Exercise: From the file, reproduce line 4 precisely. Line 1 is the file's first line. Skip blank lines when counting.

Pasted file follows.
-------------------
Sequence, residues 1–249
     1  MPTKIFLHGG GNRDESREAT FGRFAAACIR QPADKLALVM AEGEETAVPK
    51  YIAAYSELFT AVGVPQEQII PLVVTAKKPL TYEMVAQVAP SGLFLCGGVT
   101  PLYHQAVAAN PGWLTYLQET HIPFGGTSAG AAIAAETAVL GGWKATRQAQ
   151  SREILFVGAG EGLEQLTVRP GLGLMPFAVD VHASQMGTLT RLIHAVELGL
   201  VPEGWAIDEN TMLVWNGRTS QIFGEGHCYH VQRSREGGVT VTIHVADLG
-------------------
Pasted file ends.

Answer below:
   101  PLYHQAVAAN PGWLTYLQET HIPFGGTSAG AAIAAETAVL GGWKATRQAQ